If you’re like most people, your plan for retirement includes some combination of travel, family time, home projects, and leisure activities. While this is a great start, it often isn’t enough. Research1 suggests that most retirees stay engaged for a period of about two years, on average. After that, many become unhappy and have a hard time figuring out why.

The answer lies in the fact that for successful people, their career often fulfills several of their basic human needs. For example, work may be their primary source of identity, community, stimulation, impact, etc. In their haste to retire, most people do not recognize the void that will eventually surface. The question is how to replace the benefits of work without inviting the very stress you’re trying to escape.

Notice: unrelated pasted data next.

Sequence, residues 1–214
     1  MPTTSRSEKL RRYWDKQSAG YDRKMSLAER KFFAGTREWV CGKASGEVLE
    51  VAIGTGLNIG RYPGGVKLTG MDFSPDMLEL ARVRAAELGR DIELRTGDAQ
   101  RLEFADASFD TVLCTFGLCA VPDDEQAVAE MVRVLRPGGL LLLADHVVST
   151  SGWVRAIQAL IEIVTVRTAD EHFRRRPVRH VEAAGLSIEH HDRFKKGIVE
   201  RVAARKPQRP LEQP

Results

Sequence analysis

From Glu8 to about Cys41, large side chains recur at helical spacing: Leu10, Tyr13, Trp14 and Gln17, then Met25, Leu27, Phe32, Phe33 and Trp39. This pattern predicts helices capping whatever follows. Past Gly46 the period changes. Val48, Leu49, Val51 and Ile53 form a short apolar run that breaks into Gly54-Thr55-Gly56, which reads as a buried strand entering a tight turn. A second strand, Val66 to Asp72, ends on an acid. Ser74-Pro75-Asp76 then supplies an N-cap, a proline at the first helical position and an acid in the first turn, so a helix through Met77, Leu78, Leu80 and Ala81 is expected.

We have a solution.

At our firm, we are passionate about not just getting people to retirement, but also ensuring it is a meaningful retirement. As part of our process, we go beyond a perfunctory discussion of your goals. We provide you with thought-provoking questions and tools to help you address important components of a healthy and fulfilling retirement, including:

  • Personal Growth (learning new skills, expanding your horizons, etc.)
  • Physical Activity (anywhere from walking to competitive sports)
  • Connectedness (maintaining close relationships)
  • Impact (making a difference in the lives of others)

Our business is not to tell you how to live your life – we simply have learned the right questions to ask. Our discussions help put your focus in the right place. The more you address the details of your life ahead, the more likely you will enjoy a retirement that is memorable and personally fulfilling.


1 – Good examples include Ken Dychtwald’s research along with the University of Michigan’s Dave Ulrich